David Smith  21:41

Very good. Have you ever reviewed information for a case, delving into the details, and realized that you are definitely on the wrong side of the case? If you have, what did you do?

Marcor Platt  22:01

Yes, I have found that the conclusions I was reaching would not actually benefit my clients in the way they were hoping. However, it’s interesting, David, my clients have never been angry with me for expressing my opinions; they’ve been disappointed with the results. That it didn’t wasn’t good. It wasn’t how they wanted. But they were not disappointed with me, I guess. They didn’t shoot the messenger. I haven’t had that experience yet. It may happen at some point, but so far, I’m grateful to have worked with many great clients who are genuinely interested in the truth. In fact, I tried to fill out before I take a client if they’re really interested in the truth or if they’re interested in someone saying what they want to say. As long as there’s an upfront understanding I have in my agreement, very clear language that my findings may not benefit, they could actually go against your position. And so, therefore, I’m upfront and I had that discussion to with him along the way, especially if the study is going in a direction, that may not be the direction they wanted. I tried to try and be very open and upfront. And I haven’t had any big issues yet with that approach. And so, yeah, being on the wrong side, I guess would only mean not not being truthful and honest. So I have never had to be on that wrong side.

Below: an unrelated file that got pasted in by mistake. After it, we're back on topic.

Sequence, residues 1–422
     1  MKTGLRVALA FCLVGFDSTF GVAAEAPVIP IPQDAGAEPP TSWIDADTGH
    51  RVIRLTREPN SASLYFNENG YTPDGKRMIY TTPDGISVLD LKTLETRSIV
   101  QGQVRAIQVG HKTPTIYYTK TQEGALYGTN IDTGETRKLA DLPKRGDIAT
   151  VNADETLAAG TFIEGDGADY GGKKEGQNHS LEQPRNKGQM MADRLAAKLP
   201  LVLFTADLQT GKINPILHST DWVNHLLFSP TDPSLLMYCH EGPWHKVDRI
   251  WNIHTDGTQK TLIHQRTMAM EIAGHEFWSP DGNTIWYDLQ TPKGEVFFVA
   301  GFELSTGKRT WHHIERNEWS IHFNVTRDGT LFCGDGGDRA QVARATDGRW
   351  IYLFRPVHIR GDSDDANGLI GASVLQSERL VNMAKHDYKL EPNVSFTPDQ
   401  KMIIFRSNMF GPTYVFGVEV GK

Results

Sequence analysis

David Smith  23:48

Yeah, absolutely. We often find that attorneys really just want to know whether the facts support their case. As an expert, it’s not your job to win or lose a case, but simply to present the facts as you see them. That’s good. I’ve found that most attorneys truly appreciate an honest and upfront opinion rather than trying to lead them on, making them believe they have a strong case, just to bill more hours. Then, when you get to deposition or trial, you flip-flop, and they end up spending a lot of money on something they’ll never win. Honesty and integrity are always appreciated. So, no job is perfect, at least in my opinion. Is there anything about the expert witness industry or this type of work that bothers you or rubs you the wrong way?